NCPA - National Center for Policy Analysis


October 27, 2004

The new health savings accounts (HSAs), which were created by President Bush and the Congress as a part of last year's Medicare drug law, are already having a dramatic impact in lowering health insurance costs for small businesses and expanding access to previously uninsured small business employees, say observers.

For example:

  • An Ohio small business with 66 employees (Ohio Waste Water) is saving $207, 566 (or 37 percent) on health insurance premiums in 2004 with a HSA plan.
  • A New Hampshire self employed small business owner, Herve Riel, is saving $6,600 (or 66 percent) on his individual health insurance coverage in 2004 with a HSA plan.
  • An Iowa small business counseling service with 8 employees is saving $14,740 (or 32 percent) on health insurance premiums in 2004 with a HSA plan. And an OBGYN clinic in Iowa with 13 employees is saving $40,608 (or 38 percent) on health insurance in 2004 with a HSA plan.
  • A Wisconsin small business owner, Dr. Jeffrey Wilder, is saving $8,400 (or 70 percent) on his family health insurance coverage in the first year with a HSA plan.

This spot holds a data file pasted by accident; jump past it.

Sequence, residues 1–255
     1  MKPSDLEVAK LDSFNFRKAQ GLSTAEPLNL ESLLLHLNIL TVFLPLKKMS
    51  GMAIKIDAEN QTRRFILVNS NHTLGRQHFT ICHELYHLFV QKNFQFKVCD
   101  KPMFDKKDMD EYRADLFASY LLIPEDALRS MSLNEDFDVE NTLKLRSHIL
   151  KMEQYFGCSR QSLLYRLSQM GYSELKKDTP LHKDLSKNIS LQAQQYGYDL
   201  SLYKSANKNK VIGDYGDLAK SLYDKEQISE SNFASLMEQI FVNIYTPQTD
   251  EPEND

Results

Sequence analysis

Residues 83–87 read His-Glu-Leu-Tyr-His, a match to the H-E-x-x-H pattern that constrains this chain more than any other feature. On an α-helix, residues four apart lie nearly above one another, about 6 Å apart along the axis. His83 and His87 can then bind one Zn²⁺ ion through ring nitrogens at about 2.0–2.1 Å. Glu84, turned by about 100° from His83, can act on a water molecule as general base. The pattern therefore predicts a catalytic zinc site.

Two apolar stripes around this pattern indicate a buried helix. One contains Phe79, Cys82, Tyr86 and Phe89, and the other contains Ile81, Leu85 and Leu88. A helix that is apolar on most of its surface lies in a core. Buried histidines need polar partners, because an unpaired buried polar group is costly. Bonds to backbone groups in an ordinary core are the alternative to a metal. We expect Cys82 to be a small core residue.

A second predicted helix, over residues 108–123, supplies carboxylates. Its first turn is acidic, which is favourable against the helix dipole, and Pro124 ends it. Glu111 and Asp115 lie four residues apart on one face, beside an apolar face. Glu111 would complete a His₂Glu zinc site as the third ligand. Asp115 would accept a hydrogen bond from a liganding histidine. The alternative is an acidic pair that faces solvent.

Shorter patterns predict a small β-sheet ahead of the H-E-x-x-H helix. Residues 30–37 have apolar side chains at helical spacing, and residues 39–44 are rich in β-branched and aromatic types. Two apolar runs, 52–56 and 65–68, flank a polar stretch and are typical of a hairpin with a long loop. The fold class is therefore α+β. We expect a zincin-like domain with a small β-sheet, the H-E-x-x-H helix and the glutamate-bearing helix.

Moreover, employees with HSAs also make better healthcare decisions because HSAs reward those who make wise purchases. HSAs will therefore help lower overall health expenditures. Because HSAs allow Americans to build wealth through good health, it provides a tremendous incentive for Americans to take more responsibility for improving their health and productivity.

"With savings like these, thousands of previously uninsured individuals, families, small businesses, and family farms are finding affordable insurance either for the first time or the first time in a long time," writes the Center for Health Transformation.

Source: Newt Gingrich and Vince Haley, "Small Businesses are Saving Money and Insuring More People Today with Health Savings Accounts," Center for Health Transformation, October 22, 2004.


Browse more articles on Health Issues